"This is a universal law of vivisystems: higher-level complexities cannot be inferred by lower-level existences. Nothing -- no computer or mind, no means of mathematics, physics, or philosophy -- can unravel the emergent pattern dissolved in the parts without actually playing it out. Only playing out a hive will tell you if a colony is immixed in a bee. The theorists put it this way: running a system is the quickest, shortest, and only sure method to discern emergent structures latent in it. There are no shortcuts to actually 'expressing' a convoluted, nonlinear equation to discover what it does. Too much of its behavior is packed away.

That leads us to wonder what else is packed into the bee that we haven't seen yet? Or what else is packed into the hive that has not yet appeared because there haven't been enough honeybee hives in a row all at once? And for that matter, what is contained in a human that will not emerge until we are all interconnected by wires and politics? The most unexpected things will brew in this bionic hivelike supermind."
Ok, read the whole thing starting with the link in the last post. Really there's too much here to reduce to a blog post, but I'll hit a few of the philosophical notes: These ideas can be re-interpreted in a religious context-- deity emerging from collective humanity, or rather, collective humanity expressing the imprint of deity through earth-life...

What is the Hive Mind

Kevin Kelly --: Hive Mind
There is something both delicious and ludicrous about the notion of having the passengers of a plane collectively fly it. The brute democratic sense of it all is very appealing. As a passenger you get to vote for everything; not only where the group is headed, but when to trim the flaps.

Sunday, February 19, 2006

Sorting Algorithms

Sorting Algorithms:
"sorting algorithms can be divided into two classes by the complexity of their algorithms. Algorithmic complexity is a complex subject (imagine that!) that would take too much time to explain here, but suffice it to say that there's a direct correlation between the complexity of an algorithm and its relative efficiency. Algorithmic complexity is generally written in a form known as Big-O notation, where the O represents the complexity of the algorithm and a value n represents the size of the set the algorithm is"

Hi, I'm here with Brian were haveing fun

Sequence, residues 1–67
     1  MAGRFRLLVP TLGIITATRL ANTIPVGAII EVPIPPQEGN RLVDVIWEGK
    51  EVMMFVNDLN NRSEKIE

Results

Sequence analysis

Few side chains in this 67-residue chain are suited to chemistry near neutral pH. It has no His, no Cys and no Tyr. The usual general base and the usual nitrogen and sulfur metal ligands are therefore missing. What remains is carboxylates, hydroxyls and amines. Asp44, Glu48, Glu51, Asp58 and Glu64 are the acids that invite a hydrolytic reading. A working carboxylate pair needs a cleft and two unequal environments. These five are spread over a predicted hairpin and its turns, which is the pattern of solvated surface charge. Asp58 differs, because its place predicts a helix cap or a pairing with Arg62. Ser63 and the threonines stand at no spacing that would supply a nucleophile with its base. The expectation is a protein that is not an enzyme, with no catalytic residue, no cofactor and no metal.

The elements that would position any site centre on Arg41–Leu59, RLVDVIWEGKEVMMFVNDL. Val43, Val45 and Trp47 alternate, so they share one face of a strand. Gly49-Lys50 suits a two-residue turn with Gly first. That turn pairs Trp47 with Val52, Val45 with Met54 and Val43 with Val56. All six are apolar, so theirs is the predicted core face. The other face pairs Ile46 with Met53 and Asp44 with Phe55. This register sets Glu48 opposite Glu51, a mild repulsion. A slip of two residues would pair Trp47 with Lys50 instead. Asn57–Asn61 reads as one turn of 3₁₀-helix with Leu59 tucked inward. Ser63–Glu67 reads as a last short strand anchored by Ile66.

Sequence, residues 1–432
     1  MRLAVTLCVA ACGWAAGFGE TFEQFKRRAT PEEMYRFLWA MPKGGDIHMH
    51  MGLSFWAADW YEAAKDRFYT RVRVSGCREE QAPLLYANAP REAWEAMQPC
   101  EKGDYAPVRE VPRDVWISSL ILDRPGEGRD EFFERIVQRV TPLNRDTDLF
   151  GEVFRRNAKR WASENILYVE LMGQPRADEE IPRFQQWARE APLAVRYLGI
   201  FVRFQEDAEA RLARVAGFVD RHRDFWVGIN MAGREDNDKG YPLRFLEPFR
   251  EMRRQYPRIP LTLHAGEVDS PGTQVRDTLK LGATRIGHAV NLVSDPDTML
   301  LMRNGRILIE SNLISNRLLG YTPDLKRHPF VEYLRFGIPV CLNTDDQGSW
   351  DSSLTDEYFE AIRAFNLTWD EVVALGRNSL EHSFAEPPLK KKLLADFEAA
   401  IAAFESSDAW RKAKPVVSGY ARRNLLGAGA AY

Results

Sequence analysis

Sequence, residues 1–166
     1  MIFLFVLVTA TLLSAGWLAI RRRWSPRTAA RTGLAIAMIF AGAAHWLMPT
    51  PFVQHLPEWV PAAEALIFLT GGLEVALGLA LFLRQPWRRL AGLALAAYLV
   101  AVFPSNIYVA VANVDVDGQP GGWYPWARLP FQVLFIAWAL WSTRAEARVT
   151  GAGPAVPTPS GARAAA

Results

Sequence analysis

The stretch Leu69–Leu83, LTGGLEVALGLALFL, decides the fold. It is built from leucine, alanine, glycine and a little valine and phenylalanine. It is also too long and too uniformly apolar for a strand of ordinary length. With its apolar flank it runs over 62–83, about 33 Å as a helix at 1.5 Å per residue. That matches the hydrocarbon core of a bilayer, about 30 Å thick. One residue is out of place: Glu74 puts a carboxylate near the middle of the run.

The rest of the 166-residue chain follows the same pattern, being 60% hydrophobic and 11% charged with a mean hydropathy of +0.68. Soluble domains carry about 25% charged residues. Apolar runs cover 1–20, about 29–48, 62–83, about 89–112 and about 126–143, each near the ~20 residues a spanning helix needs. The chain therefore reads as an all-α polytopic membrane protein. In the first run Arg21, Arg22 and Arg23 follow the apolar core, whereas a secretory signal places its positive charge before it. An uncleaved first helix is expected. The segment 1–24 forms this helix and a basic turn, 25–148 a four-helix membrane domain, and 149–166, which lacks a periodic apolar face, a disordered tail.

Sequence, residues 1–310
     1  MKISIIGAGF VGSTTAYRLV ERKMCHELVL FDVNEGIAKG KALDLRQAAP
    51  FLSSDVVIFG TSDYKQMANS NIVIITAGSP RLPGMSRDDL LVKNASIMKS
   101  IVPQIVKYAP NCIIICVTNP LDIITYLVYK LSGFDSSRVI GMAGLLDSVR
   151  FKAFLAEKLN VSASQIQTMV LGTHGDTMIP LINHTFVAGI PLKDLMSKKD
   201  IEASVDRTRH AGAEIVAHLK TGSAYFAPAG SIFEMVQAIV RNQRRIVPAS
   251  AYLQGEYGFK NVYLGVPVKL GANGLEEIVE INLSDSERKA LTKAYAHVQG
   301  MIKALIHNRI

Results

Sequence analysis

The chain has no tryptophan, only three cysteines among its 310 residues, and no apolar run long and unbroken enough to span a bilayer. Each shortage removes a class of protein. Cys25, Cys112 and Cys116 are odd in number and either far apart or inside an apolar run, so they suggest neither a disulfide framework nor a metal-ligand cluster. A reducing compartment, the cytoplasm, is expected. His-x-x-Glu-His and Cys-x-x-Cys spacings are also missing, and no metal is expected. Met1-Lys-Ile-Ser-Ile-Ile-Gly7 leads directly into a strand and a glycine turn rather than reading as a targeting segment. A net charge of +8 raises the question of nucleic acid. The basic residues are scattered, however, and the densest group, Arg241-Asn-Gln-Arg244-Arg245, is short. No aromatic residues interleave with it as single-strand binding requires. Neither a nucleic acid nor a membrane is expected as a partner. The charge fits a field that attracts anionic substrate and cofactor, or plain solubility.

Friday, February 17, 2006

Drunken Gay Bishops

From ScrappleFace:
"G. Robinson, the first openly-homosexual Episcopalian bishop, came under attack today for a recent statement in which he called his alcoholism a “disease” for which he’s getting treatment.

“Bishop Robinson has reinforced the stereotype that being a drunk is some kind of medical condition that needs a cure,” according to an unnamed spokesman for the American Drunkards Association (ADA), a non-profit group that helps people recover from Alcoholics Anonymous meetings. “Alcoholism isn’t a disease, it’s who we are."
Classic. I've often thought how odd it is that gays want so desperately for their behavior to be seen as biologically directed -- that wouldn't change people's distaste for queerness ... it would transform homosexuality into a disease or unfortunate mutation; perhaps curable via drugs , gene therapy, or pre-natal screening.
If homosexuals really feel like their lifestyle is a good thing, why not shake off the whole "we're victims of our DNA, just doing what we're programmed to do" argument and go more with a "we are free and unconstrained adults choosing the lifestyle we prefer, deal with it" line of attack?

Scott ends his post with the hilarious:

“My life sends a refreshing message to our parishioners of redemption without repentance,” he said. “It’s a real improvement on old-fashioned Biblical principles.”

Friday, February 10, 2006

How to get your missed TV shows with Azureus and Bittorrent

ipBS: Link:
Another step I took, so as not to miss new shows, was to set up a filter that will download all first season, first episodes of a any show. This way we can watch a new show when it comes out and decide if we want to get future episodes if we liked it.

I recommend Azureus, its a great bittorrent client, and I've toyed with the automated TV download plugins -- however I've found that just manually downloading content is easiest for me. Usually when a season is over you can find someone whos put the whole season in a single package, and its easiest to simply download entire seasons at a go. (Also, this makes it nice because you don't have to wait for the next episode -- you've got the whole season to watch whenever you have time.)

Wednesday, February 08, 2006

BYU Prof Cures AIDS

Salt Lake Tribune - Business:
In addition to being a potential checkmate to HIV, the compounds show indications of being just as effective against other diseases plaguing humankind - among them influenza, possibly even the dread bird flu, along with smallpox and herpes.
Savage said he and his BYU research team had been studying CSAs for eight years, noting the compounds' value against microbial and bacteria infections. It was only a year ago they saw that CSAs killed viruses, too.

Go Cougars!